A new Excel tool might help with very large, sluggish workbooks but don’t expect a lot despite the promising name “Check Performance”. It took us just minutes to find some undocumented strangeness in this cautious addition to Excel.
“Check Performance” looks for unnecessary formatting, metadata and styles that might be cluttering up a large workbook. That can happen when cell values or formula are removed (often using the Delete key), which leaves the underlying formatting etc. behind.
There might be a “Check Performance” prompt when opening a workbook or go to Review | Check Performance.
A side pane opens, listing the sheets which have ‘issues’.
Click on a sheet to see details of the problems detected. Choose one of the cells or ranges listed to make Excel jump to that part of the workbook.
Unfortunately, you can’t optimize individually suggested cells or ranges. The only choices are to ‘Optimize sheet’ or ‘Optimize all’.
Tip: To totally empty cells, use Home | Editing | Clear | Clear All.
For really bloated workbooks “Check Performance” can help. Microsoft’s, perhaps extreme, example optimizes over a million cells, reducing the XLSX from 3.14MB to a mere 17.5kb
Overly or Commendably Cautious
We did some quick tests of Check Performance. It’s perhaps overly or commendably cautious, depending on your point of view.
Check Performance had no issues with this worksheet. The empty cells in Row 16-21 below the table in Col A-B were ignored (quite right).
Surprisingly all the empty but formatted cells in Col D were also left alone. It’s surprising because some of the cells C2:C15 are empty with unnecessary formatting, some of which isn’t visible.
Possibly the reason is the text in D1 which seems to make Check Performance ignore all the cells in the column. We added Column F with the same empty but formatted cells as Col D but without text in Row 1. Now ‘Check Performance’ sees the Col F cells as empty and offers to optimize them.
That doesn’t mean a whole column with heading is exempt from “Check Performance”. Some unneeded formatting in D100:D108 is detected, despite the heading. Likely the totally empty rows before Row 100 allow “Check Performance” to resume the checks.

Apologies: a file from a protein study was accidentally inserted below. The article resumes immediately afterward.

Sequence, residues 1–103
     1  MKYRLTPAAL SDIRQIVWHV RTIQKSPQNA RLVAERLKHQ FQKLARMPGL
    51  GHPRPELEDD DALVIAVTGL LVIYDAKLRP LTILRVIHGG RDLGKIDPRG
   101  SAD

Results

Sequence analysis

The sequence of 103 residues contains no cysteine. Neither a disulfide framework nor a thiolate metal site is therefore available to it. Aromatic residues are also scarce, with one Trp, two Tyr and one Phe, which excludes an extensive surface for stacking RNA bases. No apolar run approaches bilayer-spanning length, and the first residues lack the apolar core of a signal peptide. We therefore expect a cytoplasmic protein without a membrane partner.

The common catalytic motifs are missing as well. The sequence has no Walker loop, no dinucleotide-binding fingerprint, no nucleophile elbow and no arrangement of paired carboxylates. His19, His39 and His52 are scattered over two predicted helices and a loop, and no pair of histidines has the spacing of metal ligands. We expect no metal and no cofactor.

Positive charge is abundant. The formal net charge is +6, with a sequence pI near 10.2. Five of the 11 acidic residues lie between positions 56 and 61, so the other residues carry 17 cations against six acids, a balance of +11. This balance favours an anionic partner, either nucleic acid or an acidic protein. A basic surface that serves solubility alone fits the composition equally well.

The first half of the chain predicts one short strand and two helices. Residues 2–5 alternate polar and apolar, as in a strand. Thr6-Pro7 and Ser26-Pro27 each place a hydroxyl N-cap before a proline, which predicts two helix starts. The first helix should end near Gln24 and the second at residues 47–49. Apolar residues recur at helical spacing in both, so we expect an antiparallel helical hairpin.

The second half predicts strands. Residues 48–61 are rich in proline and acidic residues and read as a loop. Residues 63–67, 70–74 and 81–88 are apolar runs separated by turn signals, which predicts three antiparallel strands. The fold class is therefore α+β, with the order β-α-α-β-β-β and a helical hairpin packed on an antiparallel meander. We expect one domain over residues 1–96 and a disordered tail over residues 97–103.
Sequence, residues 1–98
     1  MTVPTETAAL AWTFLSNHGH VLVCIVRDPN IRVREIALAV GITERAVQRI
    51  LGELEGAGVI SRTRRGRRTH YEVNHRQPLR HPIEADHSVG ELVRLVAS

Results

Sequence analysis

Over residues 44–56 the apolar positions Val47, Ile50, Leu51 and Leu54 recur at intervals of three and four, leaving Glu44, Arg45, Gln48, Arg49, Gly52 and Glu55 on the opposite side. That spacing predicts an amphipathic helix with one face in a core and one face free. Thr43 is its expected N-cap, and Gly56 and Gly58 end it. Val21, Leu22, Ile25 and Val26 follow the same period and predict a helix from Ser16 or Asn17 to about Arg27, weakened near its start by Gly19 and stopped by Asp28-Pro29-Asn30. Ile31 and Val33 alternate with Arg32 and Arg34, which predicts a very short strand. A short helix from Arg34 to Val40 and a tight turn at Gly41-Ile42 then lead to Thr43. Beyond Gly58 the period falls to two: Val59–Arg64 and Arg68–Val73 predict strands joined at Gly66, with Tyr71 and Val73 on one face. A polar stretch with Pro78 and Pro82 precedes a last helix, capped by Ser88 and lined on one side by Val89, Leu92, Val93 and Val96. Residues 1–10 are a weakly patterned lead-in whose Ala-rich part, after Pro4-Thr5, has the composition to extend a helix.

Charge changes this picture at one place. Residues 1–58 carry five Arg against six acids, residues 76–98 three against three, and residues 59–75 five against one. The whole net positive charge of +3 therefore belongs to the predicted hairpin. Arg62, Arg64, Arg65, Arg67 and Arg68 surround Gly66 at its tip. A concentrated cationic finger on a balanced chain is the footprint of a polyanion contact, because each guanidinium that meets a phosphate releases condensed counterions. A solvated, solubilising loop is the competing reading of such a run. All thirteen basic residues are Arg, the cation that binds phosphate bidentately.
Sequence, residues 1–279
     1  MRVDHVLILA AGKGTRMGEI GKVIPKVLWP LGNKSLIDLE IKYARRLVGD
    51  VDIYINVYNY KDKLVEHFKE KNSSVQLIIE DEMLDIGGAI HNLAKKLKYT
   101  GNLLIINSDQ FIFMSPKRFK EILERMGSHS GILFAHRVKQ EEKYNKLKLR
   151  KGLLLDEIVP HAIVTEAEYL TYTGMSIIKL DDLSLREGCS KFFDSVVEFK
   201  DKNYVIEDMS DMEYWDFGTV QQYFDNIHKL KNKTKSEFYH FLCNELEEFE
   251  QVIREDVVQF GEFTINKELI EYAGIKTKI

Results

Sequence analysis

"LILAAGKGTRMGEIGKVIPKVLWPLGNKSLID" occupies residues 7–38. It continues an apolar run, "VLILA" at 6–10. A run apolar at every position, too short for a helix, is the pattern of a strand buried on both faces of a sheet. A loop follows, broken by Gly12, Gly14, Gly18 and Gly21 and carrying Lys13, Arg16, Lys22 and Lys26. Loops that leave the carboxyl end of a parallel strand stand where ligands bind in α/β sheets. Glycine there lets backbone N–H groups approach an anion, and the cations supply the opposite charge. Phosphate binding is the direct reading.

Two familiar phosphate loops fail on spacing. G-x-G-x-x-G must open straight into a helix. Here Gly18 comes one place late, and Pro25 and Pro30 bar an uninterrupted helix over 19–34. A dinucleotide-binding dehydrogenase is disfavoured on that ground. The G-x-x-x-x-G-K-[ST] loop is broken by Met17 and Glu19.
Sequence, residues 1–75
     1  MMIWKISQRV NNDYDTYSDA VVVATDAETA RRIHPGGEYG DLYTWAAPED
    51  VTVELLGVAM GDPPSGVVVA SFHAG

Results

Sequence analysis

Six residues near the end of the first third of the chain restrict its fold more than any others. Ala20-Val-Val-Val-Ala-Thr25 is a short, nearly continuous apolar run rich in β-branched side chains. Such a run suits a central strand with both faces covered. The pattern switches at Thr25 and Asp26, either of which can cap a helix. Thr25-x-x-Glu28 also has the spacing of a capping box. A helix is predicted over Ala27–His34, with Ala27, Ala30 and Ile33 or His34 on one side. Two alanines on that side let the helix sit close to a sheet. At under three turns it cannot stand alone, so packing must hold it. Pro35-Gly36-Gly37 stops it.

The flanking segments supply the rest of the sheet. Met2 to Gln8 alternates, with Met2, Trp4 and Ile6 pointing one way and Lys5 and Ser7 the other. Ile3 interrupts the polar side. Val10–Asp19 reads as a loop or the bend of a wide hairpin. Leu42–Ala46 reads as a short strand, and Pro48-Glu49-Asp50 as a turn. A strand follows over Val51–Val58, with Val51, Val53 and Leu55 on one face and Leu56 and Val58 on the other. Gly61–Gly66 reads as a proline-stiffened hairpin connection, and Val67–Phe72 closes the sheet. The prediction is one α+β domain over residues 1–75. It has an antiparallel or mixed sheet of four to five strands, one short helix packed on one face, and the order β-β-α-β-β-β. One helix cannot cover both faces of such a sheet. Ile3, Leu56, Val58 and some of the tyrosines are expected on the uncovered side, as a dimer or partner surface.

The message ‘Remove text properties’ refers, in this case, to the Font Color set for the cells.
No references to the ‘empty’ cells
Not mentioned by Microsoft is the effect of a formula referencing an ‘empty’ cell with a formula from another part of the workbook.
Going back to an earlier example where the empty cells in Column F are detected by “Check Performance”. We added a simple IsBlank() test to cell F2 and got a surprising result.
Just that single cell reference changed “Check Performance” results for all the other cells in Column F, even ones NOT linked to any other cell.
See what we mean by ‘cautious’? It’s a wise move by the Microsoft developers but needs to be properly explained. Otherwise they will have a lot of Excel users wondering why ‘empty’ cells aren’t being detected by “Check Performance”.
Do we need to remind about backups? “Check Performance” should not change your workbook results and it’s hard to see how it could, but don’t risk it and run the new tool over a backup workbook.
“Check Performance” might change the look of a workbook. Formatting like Fill Color and Borders will be removed from empty cells.
Low Hanging Fruit
The tool is very much looking for easily detected issues or ‘low hanging fruit’ in a workbook. More complex performance issues like unnecessary or repeated calculations or data links are beyond “Check Performance”, at least in its current form.
Only very large workbooks will noticeably benefit from these checks. In other words, don’t expect too much.
We like the idea of “Check Performance” though the title might seem to promise too much.
Like many Office features, it needs better documentation so paying customers can understand what they get and not to expect from the tool.
The current blog post covers only the basics. That post says there’s “… more about this feature” at a Microsoft Support page., but that page doesn’t really tell customers any more and certainly not the sort of detail they deserve.
Who gets it?
Check Performance is only available in Excel on the web, at least for the moment.
There might be a delay before it’s available globally.